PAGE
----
So (maybe) the best thing you can do for your polyamorous children isn’t just to love us and accept us. It’s to own us. Be proud of us. When your friend is talking about her son’s talented opera singer girlfriend, boast about your daughter’s brilliant software engineer girlfriend and her postdoc boyfriend who does research in the jungles of Ecuador. Ask how all your son’s partners are doing. Remember their names. Invite them to Christmas dinner–no matter what the grandparents think.

But the question was about what a parent might say, not do. So maybe the thing we most want to hear is, “I’m proud of you.”

And now, our readers weigh in on the subject:

  • “We support you, even if we don’t particularly understand it.”
  • “If you’re happy, we’re happy.”
  • Like all children they want love, support and acceptance from their parents.
  • “I’m glad you have such a big family to be there for you.”
  • “How are [lists all the names w/o leaving someone out] doing?”
  • “I’m so glad our lessons in love, communication, & intentional family sunk in!”
  • “How many of you will be coming to our house for dinner? Your whole tribe is welcome.”
  • “Your partners are all valid, acknowledged, respected, welcome.”
  • “If you’re happy then we are happy for you. How many chairs will we need at Thanksgiving?”
  • “How are your partners?”
  • “I am so glad that you are happy!”
  • “I trust you to know what makes you happy, and I will make an effort to know the important people in your life.”
  • “Good for you! I hope they’re all treating you right.”
  • “Wow! We won the lottery and we have so much money we don’t know what do with ourselves! Want some?”
  • “Let me buy you a house.”

(I have to admit, those last two are pretty tempting answers, all things considered…)

Thanks to everyone who offered their input!

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  1. Eccaba permalink
    October 3, 2013 3:19 pm

    I would also add that it’s really important not just to support your child’s lifestyle choice, but also to be open to the partner(s) and not to make bigoted snap judgements. I am in a polyamorous relationship with a man. I came out to them and explained that he had another partner. When they first heard about him they were all excited and now he’s a cad who has “another woman in every city”. (I’m the one who introduced him to polyamory and I’ve been doing it for years while this is his first open relationship.) They’ve made a sexist assumption about how men are and assume that I’m going along with it because I like him and not because I want it. I realized you touched on this a bit but I think self educating- I’m not in fundamentalist polygamist marriage and I’m not a “mistress”, is really important. I’ve known other polyamorous women to battle these same sexist assumptions with their parents as well.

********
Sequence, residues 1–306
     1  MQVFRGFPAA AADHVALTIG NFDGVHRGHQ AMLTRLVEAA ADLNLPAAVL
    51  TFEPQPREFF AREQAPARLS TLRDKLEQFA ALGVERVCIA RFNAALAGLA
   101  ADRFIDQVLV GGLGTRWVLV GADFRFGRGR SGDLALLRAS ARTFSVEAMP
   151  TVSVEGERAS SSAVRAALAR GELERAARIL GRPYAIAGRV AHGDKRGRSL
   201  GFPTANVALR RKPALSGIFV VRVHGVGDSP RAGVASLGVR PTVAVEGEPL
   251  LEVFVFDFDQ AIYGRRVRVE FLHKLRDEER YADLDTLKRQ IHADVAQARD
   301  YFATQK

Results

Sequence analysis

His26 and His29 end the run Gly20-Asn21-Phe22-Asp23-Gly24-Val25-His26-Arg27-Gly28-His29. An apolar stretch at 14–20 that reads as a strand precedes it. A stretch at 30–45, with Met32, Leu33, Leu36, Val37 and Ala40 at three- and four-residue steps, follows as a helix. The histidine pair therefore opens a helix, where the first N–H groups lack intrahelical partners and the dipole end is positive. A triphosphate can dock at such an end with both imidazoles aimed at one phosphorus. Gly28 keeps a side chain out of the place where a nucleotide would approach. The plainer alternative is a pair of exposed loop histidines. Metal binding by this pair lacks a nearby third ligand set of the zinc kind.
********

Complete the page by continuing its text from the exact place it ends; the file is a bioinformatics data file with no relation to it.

2. mist permalink
    October 4, 2013 8:08 pm

    Oh what I would give to be simply “not enough”.
    If I don’t follow my parents wishes, in life, in love, in business then because I’m willing to be strong enough to be myself and live my own life I’m “a bully”.

    Yes, I’m 45 yrs old. Own 2 businesses and because I won’t give in to my parents demands they’ve declared me “a bully” and “the worst child ever”. And those are quotes from the last fortnight.

  3. January 22, 2015 11:11 am

    Great and timely post!

    One thing about the “I support you even if I don’t understand it/Whatever makes you happy” messages… it’s important that those be sincere, and that they be backed up with actions. When a parent or sibling says “I support you” and then ignores all but one of your partners, or tries to change the subject when you talk about them, or otherwise tries to avoid acknowledging the reality of your poly life, what it says is, “I want to feel like a good person, so I will say that I support them, even though it makes me acutely uncomfortable and I refuse to deal with that.” I’d much rather a family member acknowledge their discomfort and try to work with it, than give me lip-service support.

  4. Bei permalink
    December 27, 2017 5:28 pm

    “I love you but don’t understand this at all” is the most I have to offer. And every blog and article I’ve read has done a pretty good job of telling me what a shitty parent I am if that’s my response. Do I get any credit or grace for trying my very best to always make sure you knew you were loved and accepted? This feels like a litmus test for being the good parent of a millennial. I’m flunking, my heart is broken, and you have the power, because if I don’t buy extra placemats for the next holiday dinner, then I am not supportive of you living your truth. Mom’s apparently ought not to have truths.